• Complex Barriers to Entry: Blockchain technology can be incredibly complicated, especially considering it does not have a centralized authority governing it. As a result, blockchain can present significant barriers to entry for those unfamiliar with the technology, making it difficult to offer for widespread use without the support of a blockchain-based exchange or service provider.

  • Slow Transactional Speeds: Depending on how you are accessing a blockchain and carrying out a transaction, transactional speeds can be much slower compared to traditional financial or payment methods. This is due to the scalability problem known as the Blockchain Trilemma — a belief that a decentralized network can only offer users two out of the three key benefits of scalability, security, and decentralization.

  • Vulnerability to Hacks: Though blockchain is considered to be an overall more secure technology, it is still vulnerable to hacks and other cybercrimes. Some of the most common forms of blockchain hacks involve phishing, wherein a hacker gains access to a person’s blockchain wallet via fraudulent links that connect them to the person’s custodial and/or exchange account.



How Blockchain Can Benefit FinTech: 3 Key Use Cases

FinTech and blockchain are inherently related to one another.


As FinTech companies continue to expand their offerings and explore innovative technologies, the need to adopt blockchain-based solutions become more and more evident.


Keeping in mind the pros and cons discussed above, let’s look at 3 key use cases for blockchain technology in finance and FinTech:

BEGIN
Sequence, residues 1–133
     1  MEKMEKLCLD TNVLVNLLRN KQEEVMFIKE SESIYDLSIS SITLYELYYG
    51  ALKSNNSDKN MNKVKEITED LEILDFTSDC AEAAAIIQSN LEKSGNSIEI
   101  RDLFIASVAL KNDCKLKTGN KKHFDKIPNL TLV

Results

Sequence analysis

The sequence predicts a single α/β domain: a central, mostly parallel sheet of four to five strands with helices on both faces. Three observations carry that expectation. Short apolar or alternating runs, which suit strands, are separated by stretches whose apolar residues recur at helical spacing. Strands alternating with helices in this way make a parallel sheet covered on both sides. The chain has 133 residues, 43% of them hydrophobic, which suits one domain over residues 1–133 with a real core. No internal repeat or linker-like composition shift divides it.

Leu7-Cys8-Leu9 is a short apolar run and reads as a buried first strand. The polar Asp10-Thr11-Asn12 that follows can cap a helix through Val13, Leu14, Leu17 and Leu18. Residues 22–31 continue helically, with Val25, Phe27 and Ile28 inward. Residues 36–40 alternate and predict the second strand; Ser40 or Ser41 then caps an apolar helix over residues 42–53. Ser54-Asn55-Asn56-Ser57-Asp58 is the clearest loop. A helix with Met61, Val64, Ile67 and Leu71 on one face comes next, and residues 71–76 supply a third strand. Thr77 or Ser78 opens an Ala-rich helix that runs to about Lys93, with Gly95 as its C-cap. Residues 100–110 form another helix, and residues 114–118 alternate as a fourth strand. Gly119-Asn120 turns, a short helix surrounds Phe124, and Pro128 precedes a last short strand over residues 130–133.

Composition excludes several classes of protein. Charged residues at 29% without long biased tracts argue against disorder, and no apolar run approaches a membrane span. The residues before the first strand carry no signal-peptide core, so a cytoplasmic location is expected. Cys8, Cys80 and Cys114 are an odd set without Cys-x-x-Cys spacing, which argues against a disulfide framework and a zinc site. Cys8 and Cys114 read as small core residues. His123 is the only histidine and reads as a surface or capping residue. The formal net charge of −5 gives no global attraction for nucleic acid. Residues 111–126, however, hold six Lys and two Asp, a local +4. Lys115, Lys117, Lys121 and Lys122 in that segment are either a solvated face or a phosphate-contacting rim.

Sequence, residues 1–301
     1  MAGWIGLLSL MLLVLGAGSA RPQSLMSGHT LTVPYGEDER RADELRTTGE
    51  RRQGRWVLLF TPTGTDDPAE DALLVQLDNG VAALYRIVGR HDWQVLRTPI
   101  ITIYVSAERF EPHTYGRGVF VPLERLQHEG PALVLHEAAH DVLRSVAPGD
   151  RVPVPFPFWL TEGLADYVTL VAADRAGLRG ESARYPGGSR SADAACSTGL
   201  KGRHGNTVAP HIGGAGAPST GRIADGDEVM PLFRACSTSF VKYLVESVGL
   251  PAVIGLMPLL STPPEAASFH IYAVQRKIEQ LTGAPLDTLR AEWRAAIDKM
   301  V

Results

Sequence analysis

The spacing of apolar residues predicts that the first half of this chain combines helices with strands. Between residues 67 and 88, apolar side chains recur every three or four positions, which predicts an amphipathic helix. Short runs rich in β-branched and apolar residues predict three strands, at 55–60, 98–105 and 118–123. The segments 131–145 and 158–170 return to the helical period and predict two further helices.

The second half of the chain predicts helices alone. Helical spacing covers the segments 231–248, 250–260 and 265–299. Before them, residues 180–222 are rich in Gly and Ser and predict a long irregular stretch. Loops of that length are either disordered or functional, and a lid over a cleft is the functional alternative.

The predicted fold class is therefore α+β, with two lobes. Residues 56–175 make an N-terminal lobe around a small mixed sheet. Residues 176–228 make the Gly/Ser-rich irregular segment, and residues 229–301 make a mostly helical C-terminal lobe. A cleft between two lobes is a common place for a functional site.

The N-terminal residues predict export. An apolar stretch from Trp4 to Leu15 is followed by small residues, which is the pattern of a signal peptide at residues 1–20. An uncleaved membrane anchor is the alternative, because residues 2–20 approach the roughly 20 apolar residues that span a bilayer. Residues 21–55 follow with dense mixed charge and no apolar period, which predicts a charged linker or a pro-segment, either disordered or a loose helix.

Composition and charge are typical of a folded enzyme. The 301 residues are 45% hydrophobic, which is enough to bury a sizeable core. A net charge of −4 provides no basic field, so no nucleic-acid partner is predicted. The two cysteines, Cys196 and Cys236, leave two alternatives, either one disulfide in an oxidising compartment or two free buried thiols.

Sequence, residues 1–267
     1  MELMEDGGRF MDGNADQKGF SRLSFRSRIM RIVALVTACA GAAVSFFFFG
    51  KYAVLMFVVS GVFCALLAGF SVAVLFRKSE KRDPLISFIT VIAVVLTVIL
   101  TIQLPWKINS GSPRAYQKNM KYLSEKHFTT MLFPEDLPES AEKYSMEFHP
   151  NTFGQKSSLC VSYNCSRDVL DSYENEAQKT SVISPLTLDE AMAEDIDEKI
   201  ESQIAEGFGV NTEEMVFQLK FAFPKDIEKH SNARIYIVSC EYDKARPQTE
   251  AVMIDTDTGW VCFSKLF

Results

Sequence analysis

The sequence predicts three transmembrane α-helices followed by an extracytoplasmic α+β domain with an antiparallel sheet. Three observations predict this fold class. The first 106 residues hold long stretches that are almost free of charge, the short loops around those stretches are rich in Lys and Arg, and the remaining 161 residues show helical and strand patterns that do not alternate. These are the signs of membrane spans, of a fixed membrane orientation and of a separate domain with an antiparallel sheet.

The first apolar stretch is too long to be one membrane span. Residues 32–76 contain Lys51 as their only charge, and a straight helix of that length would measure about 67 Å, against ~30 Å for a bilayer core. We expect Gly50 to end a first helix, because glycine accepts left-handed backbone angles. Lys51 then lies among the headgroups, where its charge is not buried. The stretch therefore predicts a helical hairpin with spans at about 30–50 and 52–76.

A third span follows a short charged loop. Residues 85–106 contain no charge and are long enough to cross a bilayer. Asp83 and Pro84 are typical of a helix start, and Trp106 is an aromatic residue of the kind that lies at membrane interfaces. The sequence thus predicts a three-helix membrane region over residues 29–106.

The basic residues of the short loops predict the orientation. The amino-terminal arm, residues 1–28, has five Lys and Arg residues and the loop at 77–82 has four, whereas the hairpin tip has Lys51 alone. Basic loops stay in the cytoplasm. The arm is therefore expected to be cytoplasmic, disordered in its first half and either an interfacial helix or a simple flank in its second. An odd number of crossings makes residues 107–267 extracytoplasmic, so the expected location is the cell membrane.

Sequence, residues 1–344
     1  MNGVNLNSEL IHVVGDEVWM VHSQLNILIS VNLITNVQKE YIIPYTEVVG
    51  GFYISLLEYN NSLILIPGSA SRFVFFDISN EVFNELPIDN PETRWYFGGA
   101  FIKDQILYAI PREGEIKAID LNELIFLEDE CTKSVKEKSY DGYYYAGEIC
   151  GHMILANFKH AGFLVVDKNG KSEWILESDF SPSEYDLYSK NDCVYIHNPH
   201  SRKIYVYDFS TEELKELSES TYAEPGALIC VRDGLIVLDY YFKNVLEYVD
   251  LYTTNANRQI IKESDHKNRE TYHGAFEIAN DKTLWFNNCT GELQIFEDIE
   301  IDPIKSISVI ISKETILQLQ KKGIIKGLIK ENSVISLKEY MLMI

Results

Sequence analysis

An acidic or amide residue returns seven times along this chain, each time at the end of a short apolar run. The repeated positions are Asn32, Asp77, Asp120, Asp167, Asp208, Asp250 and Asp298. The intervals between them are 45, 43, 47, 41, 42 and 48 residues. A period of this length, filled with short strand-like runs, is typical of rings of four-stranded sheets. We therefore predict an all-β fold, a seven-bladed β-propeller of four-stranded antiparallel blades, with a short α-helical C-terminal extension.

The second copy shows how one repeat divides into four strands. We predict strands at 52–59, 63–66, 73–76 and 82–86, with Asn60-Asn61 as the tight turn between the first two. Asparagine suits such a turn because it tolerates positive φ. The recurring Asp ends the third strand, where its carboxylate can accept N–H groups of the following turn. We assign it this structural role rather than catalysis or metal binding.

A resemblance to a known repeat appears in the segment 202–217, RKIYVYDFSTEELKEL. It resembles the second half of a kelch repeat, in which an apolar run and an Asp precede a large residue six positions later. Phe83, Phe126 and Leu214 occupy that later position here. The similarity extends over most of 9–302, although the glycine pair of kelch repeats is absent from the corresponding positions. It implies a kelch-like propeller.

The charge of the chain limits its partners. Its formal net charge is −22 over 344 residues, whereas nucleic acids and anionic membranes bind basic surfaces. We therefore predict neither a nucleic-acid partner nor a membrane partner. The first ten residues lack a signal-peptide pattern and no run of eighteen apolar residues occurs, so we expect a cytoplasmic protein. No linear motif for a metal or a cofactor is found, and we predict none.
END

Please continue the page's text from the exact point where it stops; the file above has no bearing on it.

1. Enhanced Identity Verification: Thanks to the immutable ledger used within blockchain technology, FinTechs have the opportunity to develop enhanced identity verification models that make use of these unchangeable records. A blockchain acts as an open, shared ledger that requires a consensus process that can help to keep fraudulent transactions out of the system.

  2. Elimination of High Transactional Fees: As discussed above, blockchain technology enables peer-to-peer transactions, eliminating third-party intermediaries and, thus, reducing the amount of fees accrued during a transaction. This has benefits for consumers and businesses alike, making it easier to conduct business internationally and work directly with one another.

  3. Reduced Operational Costs: According to a PWC report, the use of distributed ledger technology in financial services could reduce the cost of financial service infrastructures by between $15 billion to $20 billion annually. With the right implementation, blockchain technology could help to decommission outdated legacy systems while also providing financial services providers with a more secure system for storing and sharing data.


Final Thoughts: The Future of Blockchain in Finance

The reality of blockchain technology is that it still has a long way to go before it is widely adopted within the financial sector.


Not only are banks and other government-backed financial institutions hesitant to embrace decentralized finance systems that essentially cut them out as middlemen, but blockchain technology is still relatively new with many kinks that still need smoothing.


However, for FinTechs and other financial service providers looking to maintain a sharp competitive edge, early adoption of blockchain technology is ripe with opportunity — and with central banks, such as the Federal Reserve, already exploring the potential of creating central bank digital currencies, the future of blockchain-based finance may not be as far off as we think.


Written by Sam Kepple